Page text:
I’ve been getting into http://orgmode.org|org-mode over the last couple years, using it to organize my work and as many other things as possible. Org-mode is an organizer (and much more) that runs in Emacs, which I use for many other things, so it’s a great fit. I owe a great deal of thanks to <http://doc.norang.ca/org-mode.html|Bernt Hansen, who put his complete org-mode configuration> online with detailed explanation and instructions. He uses it in a very http://gettingthingsdone.com|GTD-style way, which is exactly what I wanted, so I cut-and-pasted much of his base configuration at first, but since then I’ve done some tinkering of my own.
One of the great features of org-mode is clocking. I can clock into any task with C-c C-x C-i (or hitting I on it in the agenda), and then org-mode logs the time I spend on that task until I clock out, either with C-c C-x C-o (or O in the agenda) or by marking the task DONE. Each task has a LOGBOOK which collects all the time spent on it, so I can print invoices, productivity reports, or anything else I want out of that data.
Thanks to some of Bernt’s customizations, once I punch in to start the day, org-mode is always clocking something until I punch out. Anytime I clock-out of one task, it switches to clocking something else, so my time is always accounted for somewhere.
But which task should it switch to? In Bernt’s configuration, when you close one task, it switches to that task’s parent. To explain what a parent task is, here’s a very simplified example org-mode file:
* Garden ** TODO Plant Vegetables *** NEXT Peas *** TODO Beans *** TODO Corn * Blogging ** TODO Write a post on clocking in org-mode * TODO Write Novel ** NEXT Write outline ** TODO Write preface ** TODO Write chapter 1 ** TODO Write chapter 2
Org-mode is based on an outline type of format. Every line starting with one or more asterisks is a heading, and the number of asterisks determines the level. Here there are three top-level (1 asterisk) headings, and each one has some sub-headings. So “Garden” is the parent of “Plant Vegetables,” which is the parent of “Peas,” “Beans,” and “Corn.” Likewise, “Write Novel” is the parent of “Write outline,” “Write preface,” and so on. (If you’re curious about what TODO and NEXT mean, they both signify tasks that are waiting for me to act on them. The difference is that NEXT tasks are the next one I intend to do for their project, and they shouldn’t have to wait on any other tasks.)
In Bernt’s configuration, when you close one task, the clock switches to that task’s parent. If I’m working on my novel, that might make sense. When I finish the outline, I mark that task done, and the clock switches to its parent, “Write Novel.” I still have some more time to write, so I move down and clock into “Write preface” and continue writing. All the time gets clocked into either one of the sub-tasks or the parent.
However, that doesn’t work so well when I’m not likely to move right from one sub-task to another, which is usually the case for me. For instance, let’s say I’m working on this blog post, so I have that task clocked in. I hear thunder outside, and realize I should run out and plant my peas before the rain starts. I quickly clock into “Peas” (which clocks me out of the blogging task), and run out to plant them. When I come back in and mark “Peas” DONE, I don’t want it to switch to the parent task “Plant Vegetables.” I want it to switch back to the blogging task I was working on before.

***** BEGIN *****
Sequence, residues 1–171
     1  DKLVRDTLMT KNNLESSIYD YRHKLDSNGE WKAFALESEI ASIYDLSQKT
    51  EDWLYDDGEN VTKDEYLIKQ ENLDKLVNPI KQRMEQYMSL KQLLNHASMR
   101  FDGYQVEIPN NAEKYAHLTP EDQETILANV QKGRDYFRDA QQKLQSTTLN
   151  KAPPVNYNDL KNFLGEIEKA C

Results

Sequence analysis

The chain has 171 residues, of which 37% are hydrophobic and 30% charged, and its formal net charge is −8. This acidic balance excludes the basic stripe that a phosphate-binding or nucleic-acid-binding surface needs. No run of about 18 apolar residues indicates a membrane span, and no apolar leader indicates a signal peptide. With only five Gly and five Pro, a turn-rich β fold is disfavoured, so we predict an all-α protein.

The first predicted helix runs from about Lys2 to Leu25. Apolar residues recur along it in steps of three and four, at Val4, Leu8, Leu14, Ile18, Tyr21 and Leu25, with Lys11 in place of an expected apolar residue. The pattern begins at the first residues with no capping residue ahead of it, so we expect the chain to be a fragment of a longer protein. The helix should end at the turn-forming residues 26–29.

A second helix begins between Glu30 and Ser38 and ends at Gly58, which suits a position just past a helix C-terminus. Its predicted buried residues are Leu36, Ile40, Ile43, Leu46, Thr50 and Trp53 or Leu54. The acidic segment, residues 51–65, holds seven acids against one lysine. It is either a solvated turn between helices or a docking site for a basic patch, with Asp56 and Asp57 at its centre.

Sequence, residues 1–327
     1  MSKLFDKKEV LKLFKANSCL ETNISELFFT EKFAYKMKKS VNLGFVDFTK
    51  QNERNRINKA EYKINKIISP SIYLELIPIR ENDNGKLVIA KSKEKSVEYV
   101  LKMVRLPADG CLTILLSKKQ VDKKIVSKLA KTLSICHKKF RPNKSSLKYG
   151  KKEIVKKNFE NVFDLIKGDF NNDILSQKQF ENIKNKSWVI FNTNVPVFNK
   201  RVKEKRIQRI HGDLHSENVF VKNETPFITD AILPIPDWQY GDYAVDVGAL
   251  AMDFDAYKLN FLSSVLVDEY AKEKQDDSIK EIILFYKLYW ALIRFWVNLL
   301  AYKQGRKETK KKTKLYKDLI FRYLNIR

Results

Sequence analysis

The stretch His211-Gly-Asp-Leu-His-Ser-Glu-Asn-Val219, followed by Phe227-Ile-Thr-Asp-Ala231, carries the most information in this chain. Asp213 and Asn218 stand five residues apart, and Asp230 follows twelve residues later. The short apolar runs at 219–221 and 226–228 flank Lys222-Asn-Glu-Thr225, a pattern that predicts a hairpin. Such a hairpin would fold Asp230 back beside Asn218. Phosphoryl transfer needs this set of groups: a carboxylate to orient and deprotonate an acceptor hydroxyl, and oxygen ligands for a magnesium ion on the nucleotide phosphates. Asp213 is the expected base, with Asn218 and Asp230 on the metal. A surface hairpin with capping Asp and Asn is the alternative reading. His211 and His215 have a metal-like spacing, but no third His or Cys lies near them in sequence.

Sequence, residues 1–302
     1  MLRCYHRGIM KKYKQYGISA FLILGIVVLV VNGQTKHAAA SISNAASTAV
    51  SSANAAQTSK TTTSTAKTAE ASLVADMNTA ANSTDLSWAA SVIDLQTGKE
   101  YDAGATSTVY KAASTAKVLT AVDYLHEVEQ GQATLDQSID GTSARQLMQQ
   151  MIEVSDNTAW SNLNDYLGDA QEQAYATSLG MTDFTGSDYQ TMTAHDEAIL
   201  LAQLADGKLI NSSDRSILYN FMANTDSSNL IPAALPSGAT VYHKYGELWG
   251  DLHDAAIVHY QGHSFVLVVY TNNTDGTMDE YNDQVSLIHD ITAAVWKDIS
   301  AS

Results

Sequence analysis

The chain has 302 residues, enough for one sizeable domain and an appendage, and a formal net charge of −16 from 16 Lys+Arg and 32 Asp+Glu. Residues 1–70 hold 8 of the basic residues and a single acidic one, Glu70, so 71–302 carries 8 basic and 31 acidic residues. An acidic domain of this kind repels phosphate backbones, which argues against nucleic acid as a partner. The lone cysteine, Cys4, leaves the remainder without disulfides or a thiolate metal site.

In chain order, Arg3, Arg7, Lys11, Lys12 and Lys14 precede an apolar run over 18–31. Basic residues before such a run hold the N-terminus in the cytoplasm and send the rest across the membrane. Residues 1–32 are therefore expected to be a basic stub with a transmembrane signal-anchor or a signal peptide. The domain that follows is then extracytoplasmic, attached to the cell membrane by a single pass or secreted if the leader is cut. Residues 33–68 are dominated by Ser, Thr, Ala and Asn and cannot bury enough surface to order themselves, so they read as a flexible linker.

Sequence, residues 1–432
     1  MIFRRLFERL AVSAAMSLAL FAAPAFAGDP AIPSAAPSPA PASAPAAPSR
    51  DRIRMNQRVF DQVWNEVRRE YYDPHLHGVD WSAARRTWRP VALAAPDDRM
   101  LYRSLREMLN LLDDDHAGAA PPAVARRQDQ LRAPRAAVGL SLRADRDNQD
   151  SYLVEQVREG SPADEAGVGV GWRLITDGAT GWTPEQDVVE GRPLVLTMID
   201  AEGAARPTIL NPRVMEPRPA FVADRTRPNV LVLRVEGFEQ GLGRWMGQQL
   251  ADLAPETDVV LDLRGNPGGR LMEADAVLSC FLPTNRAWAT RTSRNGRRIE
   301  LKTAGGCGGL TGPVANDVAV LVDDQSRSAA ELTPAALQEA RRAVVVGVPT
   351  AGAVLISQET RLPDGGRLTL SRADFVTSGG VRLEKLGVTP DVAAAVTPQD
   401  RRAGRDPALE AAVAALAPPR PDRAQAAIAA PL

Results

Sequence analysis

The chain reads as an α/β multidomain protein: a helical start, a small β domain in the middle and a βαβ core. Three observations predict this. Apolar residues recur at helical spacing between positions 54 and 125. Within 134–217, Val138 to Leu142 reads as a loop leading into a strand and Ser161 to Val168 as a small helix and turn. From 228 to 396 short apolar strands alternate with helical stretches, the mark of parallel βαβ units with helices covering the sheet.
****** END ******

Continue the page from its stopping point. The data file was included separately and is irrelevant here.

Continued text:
I find that that’s usually the way my work-flow goes. I can do that manually with a few keystrokes, but it’d be nicer to have it happen automatically, and not have that few moments clocked into a task I didn’t intend. So I tracked this functionality down to the bh/clock-out-maybe function. Here’s the original:
(defun bh/clock-out-maybe () (when (and bh/keep-clock-running (not org-clock-clocking-in) (marker-buffer org-clock-default-task) (not org-clock-resolving-clocks-due-to-idleness)) (bh/clock-in-parent-task)))
This checks a few things, and if they all are true, it clocks in the parent task. So I want it to clock in the previously clocked task instead. I changed it to this:
(defun bh/clock-out-maybe () (when (and bh/keep-clock-running (not org-clock-clocking-in) (marker-buffer org-clock-default-task) (not org-clock-resolving-clocks-due-to-idleness)) (if (marker-buffer org-clock-interrupted-task) (org-with-point-at org-clock-interrupted-task (org-clock-in)) (bh/clock-in-parent-task))))
As you can see, it’s not a huge change. When it runs, it first checks to see if there’s a marker for a task that was interrupted by the current task, which org-mode handily keeps track of. If there is, it switches to that mark and clocks in there. If there’s not – if the current task is my first task of the day, for instance – then it uses the previous behavior of switching to the parent. Either way, the clock keeps running.
This works better for me, and I also like the fact that it better matches the way org-mode’s capture mode works, which also switches back to the interrupted task after capturing something. Although it’s a very small change code-wise, it taught me a lot about the internals of org-mode as I tracked this down.